Würzburger Residenz

`Last week, I was able to watch The Three Musketeers, a film directed by Paul W. S. Anderson. It is an adaptation of the book of the same title which is written by Alexandre Dumas. When this scene came up, the first thing that came to my mind is “Isn’t that Rococo interiors?”. To know better about the place, I searched for the filming locations on the internet.

Rococo Interior

`The setting of the story is in Paris but the location for their filming took place in Germany. The palace used in the film as King Louis XIII ‘s home is actually a parsonage, the official residence usually provided by a church for its parson. It is called as The Würzburg Residence and The building was dubbed the “nicest parsonage in Europe” by Napoleon Bonaparte.

exterior of the residence

`Because different owners resided on the place, different styles were also incorporated to it. Balthasar Neumann, architect of the court of the Bishop of Würzburg, was the principal architect of the Residenz, which was commissioned by the Prince-Bishop of Würzburg Johann Philipp Franz von Schönborn and his brother Friedrich Carl von Schönborn in 1720, and completed in 1744. Within that period, there are a lot of times where the construction ceased because of the changes of different residents. There are also a lot of changes in the style so from the original Baroque, infusions of Rococo and Neoclassical are applied. There was also the time when the place is damaged during World War II, and it took over 30 years of reconstruction and a lot of funding to return it to the original state.

main staircase

This is Neumann’s world-famous staircase, roofed by an unsupported vault, was decorated in 1752-53 by the Venetian Giovanni Battista Tiepolo with a ceiling fresco representing the four continents. The painting, measuring 18 x 30 metres, is one of the largest frescos ever created. The staircase was also shown in the movie where the guards prepared for the battle.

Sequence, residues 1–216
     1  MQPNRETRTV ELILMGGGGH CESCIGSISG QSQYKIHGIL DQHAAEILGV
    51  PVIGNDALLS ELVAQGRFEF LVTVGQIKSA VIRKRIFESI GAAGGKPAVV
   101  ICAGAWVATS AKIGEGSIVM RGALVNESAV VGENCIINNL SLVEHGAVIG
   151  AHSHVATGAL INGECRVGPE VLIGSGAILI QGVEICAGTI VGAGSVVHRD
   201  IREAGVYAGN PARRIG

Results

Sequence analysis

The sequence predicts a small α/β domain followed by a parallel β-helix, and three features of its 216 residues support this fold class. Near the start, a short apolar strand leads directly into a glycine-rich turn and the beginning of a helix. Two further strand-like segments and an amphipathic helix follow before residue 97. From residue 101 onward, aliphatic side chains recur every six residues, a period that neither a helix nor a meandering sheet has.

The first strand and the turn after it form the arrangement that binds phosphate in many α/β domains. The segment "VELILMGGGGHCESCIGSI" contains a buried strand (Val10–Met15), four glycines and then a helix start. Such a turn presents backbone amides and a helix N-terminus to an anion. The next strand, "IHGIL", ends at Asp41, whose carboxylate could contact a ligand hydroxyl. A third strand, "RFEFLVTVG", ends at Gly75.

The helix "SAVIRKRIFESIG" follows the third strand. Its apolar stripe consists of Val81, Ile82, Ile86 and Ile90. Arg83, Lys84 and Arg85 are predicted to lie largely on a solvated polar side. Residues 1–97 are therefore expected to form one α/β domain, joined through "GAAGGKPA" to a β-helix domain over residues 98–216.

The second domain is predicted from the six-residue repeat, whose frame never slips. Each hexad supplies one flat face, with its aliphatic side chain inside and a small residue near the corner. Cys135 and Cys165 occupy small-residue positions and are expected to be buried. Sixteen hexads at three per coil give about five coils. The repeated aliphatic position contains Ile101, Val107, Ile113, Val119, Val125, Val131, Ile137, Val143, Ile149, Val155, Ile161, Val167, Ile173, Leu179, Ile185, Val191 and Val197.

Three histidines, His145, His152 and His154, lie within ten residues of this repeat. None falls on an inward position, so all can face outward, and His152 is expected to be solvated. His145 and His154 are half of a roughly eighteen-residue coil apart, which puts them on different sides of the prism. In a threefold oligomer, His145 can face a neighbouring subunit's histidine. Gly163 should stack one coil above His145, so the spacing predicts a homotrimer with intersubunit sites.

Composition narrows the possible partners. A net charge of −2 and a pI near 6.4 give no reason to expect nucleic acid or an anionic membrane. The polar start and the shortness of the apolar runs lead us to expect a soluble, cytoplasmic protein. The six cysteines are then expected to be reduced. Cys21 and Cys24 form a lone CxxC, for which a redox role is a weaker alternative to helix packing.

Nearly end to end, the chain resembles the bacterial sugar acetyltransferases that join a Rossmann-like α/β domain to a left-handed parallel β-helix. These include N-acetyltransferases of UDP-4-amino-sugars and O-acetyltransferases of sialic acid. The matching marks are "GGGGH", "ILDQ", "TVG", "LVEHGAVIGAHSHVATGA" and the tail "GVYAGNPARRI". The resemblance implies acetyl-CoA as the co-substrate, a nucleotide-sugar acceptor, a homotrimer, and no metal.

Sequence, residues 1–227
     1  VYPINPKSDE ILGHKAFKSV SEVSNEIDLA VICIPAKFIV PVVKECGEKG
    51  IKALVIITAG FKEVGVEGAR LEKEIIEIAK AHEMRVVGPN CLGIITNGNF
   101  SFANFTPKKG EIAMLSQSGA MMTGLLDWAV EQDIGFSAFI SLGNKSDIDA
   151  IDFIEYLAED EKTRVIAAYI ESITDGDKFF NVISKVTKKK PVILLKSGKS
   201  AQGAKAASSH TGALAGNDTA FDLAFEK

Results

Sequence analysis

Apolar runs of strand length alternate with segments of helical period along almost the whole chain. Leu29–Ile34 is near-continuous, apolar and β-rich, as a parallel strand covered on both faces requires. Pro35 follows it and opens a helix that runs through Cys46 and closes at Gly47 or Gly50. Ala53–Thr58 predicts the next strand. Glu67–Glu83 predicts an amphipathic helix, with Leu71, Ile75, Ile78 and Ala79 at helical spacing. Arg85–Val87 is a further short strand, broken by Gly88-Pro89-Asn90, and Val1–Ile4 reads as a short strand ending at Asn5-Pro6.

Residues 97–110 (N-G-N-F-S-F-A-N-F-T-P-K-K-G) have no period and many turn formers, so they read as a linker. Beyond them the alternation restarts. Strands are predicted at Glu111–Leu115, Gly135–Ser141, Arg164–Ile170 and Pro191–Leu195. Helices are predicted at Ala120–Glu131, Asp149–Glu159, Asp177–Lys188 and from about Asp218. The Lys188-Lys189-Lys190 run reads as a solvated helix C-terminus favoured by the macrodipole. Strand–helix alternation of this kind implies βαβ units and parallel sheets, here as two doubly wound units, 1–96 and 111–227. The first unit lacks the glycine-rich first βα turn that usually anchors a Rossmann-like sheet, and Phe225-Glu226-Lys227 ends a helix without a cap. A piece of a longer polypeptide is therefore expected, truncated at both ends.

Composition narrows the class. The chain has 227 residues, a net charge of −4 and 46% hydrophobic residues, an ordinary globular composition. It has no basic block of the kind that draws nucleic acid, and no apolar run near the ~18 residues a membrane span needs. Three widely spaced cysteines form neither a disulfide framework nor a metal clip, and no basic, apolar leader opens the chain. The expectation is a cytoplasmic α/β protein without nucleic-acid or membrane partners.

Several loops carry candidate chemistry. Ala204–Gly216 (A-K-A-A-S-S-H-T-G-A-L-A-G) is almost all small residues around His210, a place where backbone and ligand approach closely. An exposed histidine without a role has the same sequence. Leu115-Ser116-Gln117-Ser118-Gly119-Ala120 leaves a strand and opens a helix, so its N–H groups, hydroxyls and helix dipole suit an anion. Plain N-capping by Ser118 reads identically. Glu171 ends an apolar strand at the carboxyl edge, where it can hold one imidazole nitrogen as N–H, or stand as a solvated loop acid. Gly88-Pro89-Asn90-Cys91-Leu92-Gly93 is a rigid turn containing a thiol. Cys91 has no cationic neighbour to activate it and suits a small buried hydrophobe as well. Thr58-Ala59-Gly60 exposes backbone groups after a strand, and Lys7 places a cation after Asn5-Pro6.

stucco work of the White Hall

`The White Hall in Neoclassical style is dominated by the stucco decorations of Antonio Bossi. The white stucco works on a light gray background are composed of a large quantity of rocailles, a typical piece of decoration of the baroque style, mixed with images of real items, especially of military purpose.

chapel interior

`The Court Chapel is a prime example of the sacral Baroque style in Germany. The interior design is dominated by the curving walls and three intergradient oval dome vaults.

the garden

`The Residence was built within the fortified town. Therefore the garden too had to be planned within the fortifications. The solution included two bastions of the fortified town wall, using its differences in height to create very special landscape. From west to east there is a rise in ground, until the level of the wall is reached. Near the residence itself, the garden is designed in a very formal, Baroque style. Farther away, the style changes to an English garden with small forests and meadows.

panorama of the residence

`I really love the residence’s interiors when I first saw it in the movie. And when I searched about it, I fell in love deeper with it. I admired the fusion of different period styles in the  Würzburg Residence for it tells the story of how long the construction of the palace took place. So next time you’ll watch a film, try to observe the places shown on it.

Posted by:

Jehnarine Razon

Sources:

ww.schloesser.bayern.de

photos from the movie screen shots and wikipedia

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